I have a confession to make. I am extremely sensitive about my parenting skills. I attribute this to the fact that I tried for so many years to get pregnant that I promised myself and God that if He would just give me a baby, I’d be the best darned parent in the Crescent City. My little plan would have been a cinch to carry out if I had adopted a goldfish, but God wanted to test my abilities and blessed me with not one, but two, real live human beings; and if that wasn’t challenging enough, He gave me BOYS! “Boys?” I wondered, “What’s up with that, God?” I was certain I had specified girls in my request. The only thing I could figure was the database must have been malfunctioning on the day I sent my prayers up.
Back then, I believed myself to be an authority on childrearing. After all, I’d watched “Leave it to Beaver,” “My Three Sons,” “The Brady Bunch,” and all those other shows with perfectly functional families and I always knew the solution to every problem faced on every episode. I was an expert!
So here I am, 18 years after the birth of our oldest son, wondering whatever possessed me to think that parenting would be so easy. I realize now that I was suffering from Pseudo Parent Syndrome (PPS). PPS is a condition that afflicts people of all ages, races, and sexes, and oddly enough occurs primarily in folks who have never raised children and have no educational background in childrearing, yet its effects cause these individuals to believe themselves to be authorities on everything there is to know about the subject matter.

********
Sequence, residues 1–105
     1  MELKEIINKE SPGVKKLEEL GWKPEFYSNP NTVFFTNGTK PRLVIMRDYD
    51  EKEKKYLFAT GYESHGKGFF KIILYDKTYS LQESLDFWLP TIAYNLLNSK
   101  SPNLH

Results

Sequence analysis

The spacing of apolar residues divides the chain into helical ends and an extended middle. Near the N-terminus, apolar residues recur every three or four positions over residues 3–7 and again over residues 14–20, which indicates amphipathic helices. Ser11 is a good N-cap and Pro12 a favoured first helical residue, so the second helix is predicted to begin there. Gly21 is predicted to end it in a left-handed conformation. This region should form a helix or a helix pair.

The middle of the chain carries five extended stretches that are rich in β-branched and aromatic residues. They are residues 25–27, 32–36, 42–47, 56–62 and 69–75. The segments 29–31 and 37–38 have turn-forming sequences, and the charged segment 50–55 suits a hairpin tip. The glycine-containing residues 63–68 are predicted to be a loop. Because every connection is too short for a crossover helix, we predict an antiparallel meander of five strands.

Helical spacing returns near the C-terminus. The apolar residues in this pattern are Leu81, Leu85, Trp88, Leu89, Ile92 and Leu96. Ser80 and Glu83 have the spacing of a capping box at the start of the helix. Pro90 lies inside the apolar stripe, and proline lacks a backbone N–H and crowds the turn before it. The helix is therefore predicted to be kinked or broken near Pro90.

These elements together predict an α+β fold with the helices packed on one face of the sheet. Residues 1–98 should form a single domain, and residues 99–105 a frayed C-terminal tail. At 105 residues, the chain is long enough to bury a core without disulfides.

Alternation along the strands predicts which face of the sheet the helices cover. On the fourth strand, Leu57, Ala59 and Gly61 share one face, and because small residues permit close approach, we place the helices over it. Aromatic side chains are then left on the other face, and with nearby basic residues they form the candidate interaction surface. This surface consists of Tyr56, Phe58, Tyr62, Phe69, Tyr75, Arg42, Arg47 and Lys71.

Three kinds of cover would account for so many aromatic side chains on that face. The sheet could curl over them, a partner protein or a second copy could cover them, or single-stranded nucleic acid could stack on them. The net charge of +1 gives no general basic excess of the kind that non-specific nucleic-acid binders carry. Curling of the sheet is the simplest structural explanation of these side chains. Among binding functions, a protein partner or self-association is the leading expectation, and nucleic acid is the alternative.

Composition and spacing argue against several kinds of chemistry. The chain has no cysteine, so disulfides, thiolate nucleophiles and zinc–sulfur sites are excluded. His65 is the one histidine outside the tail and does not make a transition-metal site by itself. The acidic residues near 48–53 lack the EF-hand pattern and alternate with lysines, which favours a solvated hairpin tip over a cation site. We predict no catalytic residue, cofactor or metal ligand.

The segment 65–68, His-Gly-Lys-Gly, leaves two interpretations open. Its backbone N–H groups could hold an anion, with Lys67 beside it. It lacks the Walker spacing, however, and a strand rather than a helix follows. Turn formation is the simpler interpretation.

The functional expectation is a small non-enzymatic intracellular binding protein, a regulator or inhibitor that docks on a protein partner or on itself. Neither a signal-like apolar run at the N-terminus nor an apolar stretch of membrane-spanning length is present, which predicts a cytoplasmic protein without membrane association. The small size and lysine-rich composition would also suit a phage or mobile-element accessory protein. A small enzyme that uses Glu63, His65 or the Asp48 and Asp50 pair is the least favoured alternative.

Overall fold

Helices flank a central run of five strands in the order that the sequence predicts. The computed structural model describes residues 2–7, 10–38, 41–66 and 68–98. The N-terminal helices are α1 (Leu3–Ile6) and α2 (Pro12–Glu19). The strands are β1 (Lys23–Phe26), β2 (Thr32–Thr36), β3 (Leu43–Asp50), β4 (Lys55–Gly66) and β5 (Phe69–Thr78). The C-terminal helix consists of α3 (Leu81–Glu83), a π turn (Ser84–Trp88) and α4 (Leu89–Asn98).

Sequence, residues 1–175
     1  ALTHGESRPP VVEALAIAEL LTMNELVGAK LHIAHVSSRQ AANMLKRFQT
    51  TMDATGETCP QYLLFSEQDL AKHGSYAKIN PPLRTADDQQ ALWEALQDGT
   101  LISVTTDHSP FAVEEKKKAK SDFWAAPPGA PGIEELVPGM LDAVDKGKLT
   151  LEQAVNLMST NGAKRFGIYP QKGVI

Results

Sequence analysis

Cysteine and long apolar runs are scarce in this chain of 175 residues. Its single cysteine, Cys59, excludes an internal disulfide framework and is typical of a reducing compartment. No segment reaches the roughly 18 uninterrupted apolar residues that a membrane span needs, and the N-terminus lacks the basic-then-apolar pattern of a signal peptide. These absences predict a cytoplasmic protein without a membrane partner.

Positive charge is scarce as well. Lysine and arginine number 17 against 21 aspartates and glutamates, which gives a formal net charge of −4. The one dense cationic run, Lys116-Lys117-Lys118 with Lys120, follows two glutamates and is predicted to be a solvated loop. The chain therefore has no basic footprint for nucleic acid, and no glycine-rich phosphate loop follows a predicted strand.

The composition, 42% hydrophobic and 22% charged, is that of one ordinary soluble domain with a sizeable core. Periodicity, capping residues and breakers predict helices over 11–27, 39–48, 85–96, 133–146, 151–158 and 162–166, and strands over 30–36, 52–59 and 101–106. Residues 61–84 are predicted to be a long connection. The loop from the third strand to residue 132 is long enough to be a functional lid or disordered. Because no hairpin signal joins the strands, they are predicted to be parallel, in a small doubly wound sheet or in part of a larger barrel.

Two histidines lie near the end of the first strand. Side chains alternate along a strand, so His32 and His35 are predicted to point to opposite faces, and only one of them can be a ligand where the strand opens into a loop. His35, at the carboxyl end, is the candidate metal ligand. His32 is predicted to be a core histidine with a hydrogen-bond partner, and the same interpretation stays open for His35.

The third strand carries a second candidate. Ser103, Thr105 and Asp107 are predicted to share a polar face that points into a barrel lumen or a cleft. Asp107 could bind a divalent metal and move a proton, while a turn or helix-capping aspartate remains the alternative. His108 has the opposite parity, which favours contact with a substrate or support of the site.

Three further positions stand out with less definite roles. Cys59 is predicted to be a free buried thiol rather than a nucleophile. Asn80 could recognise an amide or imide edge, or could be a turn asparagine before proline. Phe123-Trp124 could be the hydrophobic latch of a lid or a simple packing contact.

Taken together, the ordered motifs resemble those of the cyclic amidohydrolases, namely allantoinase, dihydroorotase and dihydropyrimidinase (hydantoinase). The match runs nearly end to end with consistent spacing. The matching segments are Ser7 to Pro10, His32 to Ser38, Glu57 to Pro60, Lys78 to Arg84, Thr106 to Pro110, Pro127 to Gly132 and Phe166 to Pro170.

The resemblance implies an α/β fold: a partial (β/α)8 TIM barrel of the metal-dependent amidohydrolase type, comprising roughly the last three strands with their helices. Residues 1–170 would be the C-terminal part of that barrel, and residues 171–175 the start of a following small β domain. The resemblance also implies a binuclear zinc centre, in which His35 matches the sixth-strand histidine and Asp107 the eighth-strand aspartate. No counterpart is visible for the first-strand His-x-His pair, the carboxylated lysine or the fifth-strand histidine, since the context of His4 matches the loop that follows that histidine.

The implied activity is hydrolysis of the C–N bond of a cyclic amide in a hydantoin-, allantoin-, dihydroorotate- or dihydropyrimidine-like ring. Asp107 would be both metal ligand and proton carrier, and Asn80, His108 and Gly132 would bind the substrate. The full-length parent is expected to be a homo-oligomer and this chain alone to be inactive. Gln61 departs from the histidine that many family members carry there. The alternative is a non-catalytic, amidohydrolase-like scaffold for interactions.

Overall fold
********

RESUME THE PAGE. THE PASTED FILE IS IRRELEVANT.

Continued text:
Many, many people in the United States suffer from PPS. You know them. They are the ones who provide you with cold, hard stares in the grocery line while your 2-year old throws a tantrum over a pack of M&Ms. They are the ones who shake their heads disapprovingly when you let your 5-year old have soda at a restaurant. They are the ones who are ready to call 9-1-1 or the local Family Services Agency when you spank your child in public. And they are the ones who act like it’s easy to dissuade a 14-year old from having sex or doing drugs – after all, it’s as easy as “just saying ‘no.’”
Parents who are forced to deal with these well meaning people who suffer from PPS should take heart in knowing that at least 50% of these folks will someday have children of their own and will be instantly cured of this dreaded affliction. Just like me, they will see a young mother struggling with her 2-year old in the grocery line, and instead of thinking “Why doesn’t she control that brat?” they will say a silent prayer that God will give this woman strength and peace, and bless this energetic little child. Just like me, they will empathize with the parent of the 14-year old boy who is facing issues with sex and drugs and they will offer prayers and simple advice (but only when it is solicited) on what agencies provide the most helpful information on these types of struggles. And just like me, they’ll thank God that they didn’t elect to write a book about childrearing without first having experienced it. Live and learn – that is the best piece of advice my parents shared.